This goes both ways—some of the most remote parts of the U.S. have a traditional area code despite being nowhere near the U.S. mainland. American Samoa (area code 684) is more than 4,800 miles away from California, and both Guam (area code 671) and the Northern Mariana Islands (area code 670), are nearly 6,000 miles away.

A Manhattan Telephone Directory from 1940.
A Manhattan Telephone Directory from 1940. New York Public Library/ Public Domain

The decisions made with area codes early in the history of the telephone system have deeply impacted everything that’s come since.

It seems apparent, in hindsight, how inefficient the process actually was. At first, the breakdown of area codes stayed relatively stable, but as we started using telephone lines for more things—modems, fax machines, pagers, and later, mobile phones—the crunch became more apparent. By 1997, Maryland had to switch to 10-digit numbers for local calls to make room for all the extra demand. Cities like New York found themselves having to rely on multiple area codes over a small area.

And that trend continues today, with some areas running out of numbers for their longtime area codes. Even areas that had long managed to stick with seven-digit phone numbers for local calls, like Albany, New York, have found themselves recently having to make the switch to 10-digit numbers. (Just imagine how the Anti-Digit Dialing League would feel about that.)

The result of all these changes is that looking at the map of area codes, particularly this version designed by Linc Madison, feels exhausting. Area codes that once covered entire states now represent tiny portions of that state. It’s kind of like watching cell division happen in real time.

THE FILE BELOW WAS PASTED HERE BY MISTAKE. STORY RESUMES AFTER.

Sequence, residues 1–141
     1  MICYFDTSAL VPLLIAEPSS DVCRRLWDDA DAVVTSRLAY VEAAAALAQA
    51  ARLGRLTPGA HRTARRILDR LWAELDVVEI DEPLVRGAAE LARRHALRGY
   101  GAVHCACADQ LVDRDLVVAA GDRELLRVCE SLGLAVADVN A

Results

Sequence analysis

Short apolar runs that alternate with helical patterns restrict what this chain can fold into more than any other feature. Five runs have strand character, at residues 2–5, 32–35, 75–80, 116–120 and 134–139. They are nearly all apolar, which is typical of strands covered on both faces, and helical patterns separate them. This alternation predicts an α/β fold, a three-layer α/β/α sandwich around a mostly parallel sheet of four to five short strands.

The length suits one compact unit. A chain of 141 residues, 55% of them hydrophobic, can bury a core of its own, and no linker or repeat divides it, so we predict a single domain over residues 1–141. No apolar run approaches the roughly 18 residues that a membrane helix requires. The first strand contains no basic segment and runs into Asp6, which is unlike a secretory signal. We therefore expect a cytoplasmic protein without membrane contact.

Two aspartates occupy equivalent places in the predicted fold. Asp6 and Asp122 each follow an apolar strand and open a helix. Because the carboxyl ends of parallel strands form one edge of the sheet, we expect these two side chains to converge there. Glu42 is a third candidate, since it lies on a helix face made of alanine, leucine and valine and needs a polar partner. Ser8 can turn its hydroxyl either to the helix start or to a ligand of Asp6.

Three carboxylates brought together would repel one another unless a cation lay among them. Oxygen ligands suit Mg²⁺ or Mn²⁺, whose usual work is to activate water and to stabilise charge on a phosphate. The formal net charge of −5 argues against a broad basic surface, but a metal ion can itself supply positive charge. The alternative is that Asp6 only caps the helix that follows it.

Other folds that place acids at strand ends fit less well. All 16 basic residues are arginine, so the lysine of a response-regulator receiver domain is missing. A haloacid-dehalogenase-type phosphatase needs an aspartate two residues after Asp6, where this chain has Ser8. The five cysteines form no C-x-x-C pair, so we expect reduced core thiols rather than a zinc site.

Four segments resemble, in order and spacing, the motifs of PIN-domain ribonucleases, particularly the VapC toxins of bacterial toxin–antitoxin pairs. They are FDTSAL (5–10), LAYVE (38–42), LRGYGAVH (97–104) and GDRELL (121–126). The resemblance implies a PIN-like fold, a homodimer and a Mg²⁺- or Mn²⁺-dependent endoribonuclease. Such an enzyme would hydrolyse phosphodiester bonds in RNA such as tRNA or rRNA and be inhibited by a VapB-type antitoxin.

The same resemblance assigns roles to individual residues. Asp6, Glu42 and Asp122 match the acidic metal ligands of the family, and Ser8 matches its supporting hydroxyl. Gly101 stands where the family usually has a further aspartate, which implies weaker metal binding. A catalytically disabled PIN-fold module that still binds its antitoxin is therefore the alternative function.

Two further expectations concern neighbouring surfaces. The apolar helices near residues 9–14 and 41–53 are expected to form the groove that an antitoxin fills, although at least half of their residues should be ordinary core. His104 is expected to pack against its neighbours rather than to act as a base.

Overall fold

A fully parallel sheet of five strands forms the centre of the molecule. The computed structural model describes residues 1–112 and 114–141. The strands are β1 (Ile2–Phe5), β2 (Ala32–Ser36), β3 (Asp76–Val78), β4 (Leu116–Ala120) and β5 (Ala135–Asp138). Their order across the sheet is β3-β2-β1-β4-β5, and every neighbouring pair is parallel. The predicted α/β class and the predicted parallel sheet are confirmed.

All of this has had a strange effect on identity. In a 2014 piece on area codes, The Atlantic’s Megan Garber made the case that smartphones have turned area codes into regional identifiers, especially for people who move.

“Long ago divested of its original role, the three-digit code now functions as a kind of shared social media handle, a collective identity,” she wrote. “It’s no longer something to be remembered—we have our phones for that—but is instead something to be talked about.”

This probably explains why there’s a company that actually sells 212 numbers to people who really want a New Yorker identity—as well as why there’s resistance when new area codes get introduced, overlaid on top of old ones. In 2015, the addition of the 628 area code in San Francisco, famed for its 415 code, led to a lot of heartache from locals.

A view of a row of operators at Chesapeake and Potomac Telephone Company.
A view of a row of operators at Chesapeake and Potomac Telephone Company. National Archives/ 522875

As time goes on, however, it’s going to become harder to keep this old integrity in check. NANPA has already given itself an out: When we inevitably run out of the current numbers we have, the administrators will push us toward adding yet another number to the current lineup of 10, plus one more for the country code. It already has a number set aside for this reason.

These days, area codes get added to the system all the time—and codes that once represented entire states now make up a single city’s metropolitan area.

As populations have grown and people increasingly use telephone numbers for a variety of purposes, the logic of the area code system seems harder to grasp than ever. That logic, while a little cloudy in the 1940s, made at least some sense once you broke it down. In 2017, good luck trying to apply it to the myriad number of codes you’ll find around the country.

So, what’s the best explanation as to why one area code gets used over another in a given area? To put it simply, it was the code that was available.

*Correction: This post previously stated that the Anti-Digit Dialing League formed in response to the development of area codes. It formed in response to the replacement of word-based telephone exchanges with all-number dialing.

A version of this post originally appeared on Tedium, a twice-weekly newsletter that hunts for the end of the long tail.